OPEC Survival Uncertain Amid U.S. Oil Output Growth

A record surge in U.S. oil production that has moved the country closer to energy independence threatens the existence of OPEC, according to analysts at Citigroup Inc.

“OPEC should find it challenging to survive another 60 years, let alone another decade,” analysts led by Ed Morse, global head of commodities research at Citigroup in New York, said in a report released today. “The United States should see its role in the world as a singular superpower enhanced and prolonged.”

U.S. oil production expanded by a record 790,000 barrels a day last year, according to the Energy Information Administration, the statistical arm of the Energy Department. A shift toward natural gas as a transportation fuel may further undermine the power of the Organization of Petroleum Exporting Countries, Morse said in the report titled “Energy 2020: Independence Day.”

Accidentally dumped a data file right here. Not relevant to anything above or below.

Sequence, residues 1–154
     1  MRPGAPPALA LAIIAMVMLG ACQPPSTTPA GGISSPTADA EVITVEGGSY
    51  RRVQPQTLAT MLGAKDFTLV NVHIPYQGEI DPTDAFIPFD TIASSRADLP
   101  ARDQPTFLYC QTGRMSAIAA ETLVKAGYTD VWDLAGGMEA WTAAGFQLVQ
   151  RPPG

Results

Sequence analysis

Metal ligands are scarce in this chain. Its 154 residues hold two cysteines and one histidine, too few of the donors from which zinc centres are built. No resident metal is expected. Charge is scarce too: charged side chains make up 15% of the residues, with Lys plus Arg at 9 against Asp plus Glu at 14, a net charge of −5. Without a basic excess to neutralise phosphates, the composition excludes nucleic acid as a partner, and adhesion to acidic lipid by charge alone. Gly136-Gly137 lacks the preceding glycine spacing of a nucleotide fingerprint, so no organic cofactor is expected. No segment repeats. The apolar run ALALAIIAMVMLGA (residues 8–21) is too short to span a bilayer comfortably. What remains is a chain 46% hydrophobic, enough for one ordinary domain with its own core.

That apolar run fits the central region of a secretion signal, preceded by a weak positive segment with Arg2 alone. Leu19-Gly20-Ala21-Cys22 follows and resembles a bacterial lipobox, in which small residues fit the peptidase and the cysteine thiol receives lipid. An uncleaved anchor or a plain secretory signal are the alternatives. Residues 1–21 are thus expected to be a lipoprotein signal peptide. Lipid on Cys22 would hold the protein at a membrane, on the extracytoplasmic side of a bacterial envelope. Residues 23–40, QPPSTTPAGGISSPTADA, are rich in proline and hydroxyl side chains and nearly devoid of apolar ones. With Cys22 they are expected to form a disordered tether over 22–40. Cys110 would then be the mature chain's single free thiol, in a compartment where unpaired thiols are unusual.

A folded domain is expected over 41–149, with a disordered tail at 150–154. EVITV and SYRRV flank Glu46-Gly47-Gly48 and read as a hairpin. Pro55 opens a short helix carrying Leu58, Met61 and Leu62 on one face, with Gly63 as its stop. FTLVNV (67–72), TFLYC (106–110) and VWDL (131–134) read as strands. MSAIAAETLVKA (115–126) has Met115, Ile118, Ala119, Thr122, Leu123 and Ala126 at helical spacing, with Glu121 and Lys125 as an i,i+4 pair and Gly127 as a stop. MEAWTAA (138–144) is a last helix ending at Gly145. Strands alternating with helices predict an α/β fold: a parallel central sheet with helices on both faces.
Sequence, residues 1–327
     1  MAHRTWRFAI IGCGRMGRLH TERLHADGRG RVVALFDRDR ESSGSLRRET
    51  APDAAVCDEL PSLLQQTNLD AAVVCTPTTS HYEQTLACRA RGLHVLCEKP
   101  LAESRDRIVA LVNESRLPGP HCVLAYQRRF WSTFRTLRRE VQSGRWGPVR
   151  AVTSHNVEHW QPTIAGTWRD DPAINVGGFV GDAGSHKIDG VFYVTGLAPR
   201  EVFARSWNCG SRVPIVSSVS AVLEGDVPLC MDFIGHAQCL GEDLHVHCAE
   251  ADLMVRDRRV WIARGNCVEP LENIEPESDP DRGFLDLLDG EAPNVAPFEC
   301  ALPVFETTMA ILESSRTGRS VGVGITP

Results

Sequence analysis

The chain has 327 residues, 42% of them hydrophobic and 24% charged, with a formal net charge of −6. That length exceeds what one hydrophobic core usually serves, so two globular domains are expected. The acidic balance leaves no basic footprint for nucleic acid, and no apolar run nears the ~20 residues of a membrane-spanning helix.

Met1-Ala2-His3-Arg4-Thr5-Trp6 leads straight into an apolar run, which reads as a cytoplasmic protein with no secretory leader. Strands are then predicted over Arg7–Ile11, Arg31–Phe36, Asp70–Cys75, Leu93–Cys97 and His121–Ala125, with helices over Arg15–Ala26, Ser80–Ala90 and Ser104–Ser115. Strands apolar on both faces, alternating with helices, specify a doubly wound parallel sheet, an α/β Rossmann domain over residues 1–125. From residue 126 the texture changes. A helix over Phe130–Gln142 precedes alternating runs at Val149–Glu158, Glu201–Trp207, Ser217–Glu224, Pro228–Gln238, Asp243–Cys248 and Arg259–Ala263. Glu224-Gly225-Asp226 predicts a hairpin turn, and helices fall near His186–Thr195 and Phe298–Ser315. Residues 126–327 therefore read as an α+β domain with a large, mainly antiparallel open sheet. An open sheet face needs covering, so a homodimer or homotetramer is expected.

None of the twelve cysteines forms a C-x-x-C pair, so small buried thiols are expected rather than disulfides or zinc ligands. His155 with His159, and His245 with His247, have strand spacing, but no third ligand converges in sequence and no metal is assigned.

Increased output from Canada and Mexico will accelerate a trend toward North American energy independence, according to the report.

By the middle of 2013, the U.S. Gulf Coast will no longer import light, sweet crude, replacing it with supplies from states such as North Dakota, Oklahoma and Texas. By the end of next year, sour Canadian oil will displace imports from Saudi Arabia, Iraq and Kuwait, according to the report.

The U.S. met 84 percent of its own energy needs in the first 10 months of last year, on pace to be the highest annual rate of self-sufficiency since 1991, according to data from the EIA.

OPEC production fell to the lowest level in a year in January, the Paris-based International Energy Agency said today in its monthly report. The 12-member group pumped 30.34 million barrels a day in January, down 100,000 barrels from December.

Before it's here, it's on the Bloomberg Terminal.